I don’t always single out those times when American Dirt gets outside media coverage, but this one was germane enough that I figured it was worth it. Cleveland-area news and NBC affiliate WKYC contacted me a few weeks ago about an article I wrote back in early 2013, featuring the quiet halls of Concourse D of Cleveland-Hopkins International Airport (CLE). WKYC wanted to use some American Dirt photography, and they featured my images of the Concourse in both an article and a story on the 11pm newscast on November 14. The link to both is available here.
Built in the late 1990s when the airport and its hub, Continental Airlines, were flourishing, Concourse D enjoyed moderately heavy use for less than a decade. At the time of its construction, Continental comprised about two-thirds of flights out of CLE. But amidst the great upheaval of the airline industry after 9/11, mergers forced numerous airlines to downgrade their hubs in Midwestern second-tier cities, thereby placing more emphasis on the mother of them, O’Hare in Chicago (ORD). In 2010, Continental Airlines merged with United, almost immediately. The news afforded a mixed blessing to Clevelanders. While the merger almost immediately relegated CLE to a lower stratum among Midwestern airports, it did allow a diversity of airlines to enter the previously cornered market, including some budget ones, which ultimately helped lower costs at an airport that formerly suffered the reputation of among the highest average fares in the country.
The photos below—among several that WKYC used for its article—reveal Concourse D in its final stages of life. On New Years Day of 2013, when I took these photos, the concourse was still open, albeit barely used. After United and Continental Airlines completed their merger, the new United “dehubbed” CLE. And, by June of 2014, it shuttered Concourse D completely, even though United’s lease continues until 2027, to the tune of $1.1M a month.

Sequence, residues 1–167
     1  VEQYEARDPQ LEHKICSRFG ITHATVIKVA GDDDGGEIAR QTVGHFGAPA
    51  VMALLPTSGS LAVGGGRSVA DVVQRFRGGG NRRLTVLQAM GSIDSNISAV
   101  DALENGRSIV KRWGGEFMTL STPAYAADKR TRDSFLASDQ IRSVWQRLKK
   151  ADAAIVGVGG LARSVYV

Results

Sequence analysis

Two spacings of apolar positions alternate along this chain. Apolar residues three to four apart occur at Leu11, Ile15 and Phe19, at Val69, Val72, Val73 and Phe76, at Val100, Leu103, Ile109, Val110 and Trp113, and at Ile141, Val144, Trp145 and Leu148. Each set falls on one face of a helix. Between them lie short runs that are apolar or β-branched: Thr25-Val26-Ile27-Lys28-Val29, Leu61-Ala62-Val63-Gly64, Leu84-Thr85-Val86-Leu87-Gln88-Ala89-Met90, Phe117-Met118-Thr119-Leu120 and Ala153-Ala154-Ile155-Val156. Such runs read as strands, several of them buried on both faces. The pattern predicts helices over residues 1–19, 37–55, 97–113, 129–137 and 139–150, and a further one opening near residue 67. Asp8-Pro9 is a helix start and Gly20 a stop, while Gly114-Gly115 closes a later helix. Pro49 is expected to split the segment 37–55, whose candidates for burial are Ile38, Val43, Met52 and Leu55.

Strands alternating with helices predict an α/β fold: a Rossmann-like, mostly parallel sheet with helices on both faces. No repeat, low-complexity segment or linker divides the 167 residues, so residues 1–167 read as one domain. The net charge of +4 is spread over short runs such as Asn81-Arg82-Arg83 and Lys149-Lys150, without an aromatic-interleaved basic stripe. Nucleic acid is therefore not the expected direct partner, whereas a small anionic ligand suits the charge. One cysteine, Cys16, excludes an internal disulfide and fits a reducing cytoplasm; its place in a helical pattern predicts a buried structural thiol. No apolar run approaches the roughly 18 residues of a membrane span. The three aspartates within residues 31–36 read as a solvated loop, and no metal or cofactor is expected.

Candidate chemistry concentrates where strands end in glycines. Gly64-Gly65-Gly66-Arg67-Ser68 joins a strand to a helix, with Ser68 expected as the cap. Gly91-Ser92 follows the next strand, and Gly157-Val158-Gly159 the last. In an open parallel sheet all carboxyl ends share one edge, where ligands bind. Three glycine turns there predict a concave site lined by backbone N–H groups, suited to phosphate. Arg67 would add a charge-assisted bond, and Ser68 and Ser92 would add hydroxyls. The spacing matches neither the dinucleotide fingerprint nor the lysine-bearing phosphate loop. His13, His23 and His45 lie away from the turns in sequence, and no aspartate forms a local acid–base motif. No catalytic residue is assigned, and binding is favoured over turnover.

The WKYC article focuses on the aftermath of this closure (that it refers to as “Terminal D”), which boasts a new dimension of irony, because the City of Cleveland is still making money off of the shuttered facility. That’s right: the city government owns and manages CLE, a condition only characteristic of a handful of airports. And United continued its lease on the concourse despite not actually using it, because the airline determined that it’s better to pay the cost of an unused building—thereby shutting out the competition from using the space—rather than to staff it and put the infrastructure to use.
This mild local controversy is hardly unique to Cleveland: other second-tier cities have experienced similar contractions as their airports lose their hubs, with similar “phantom leases” serving to block out the physical presence of potential competitors. According to this article, CLE now only offers direct flights to about fifteen other cities—a paucity compared to its role as a major airport in the 1990s. WKYC turned this predicament into both an article and a video, using photos from my 2013 blog post. On the video, the American Dirt pics of Concourse D right before closure appear at about the 0:40 point.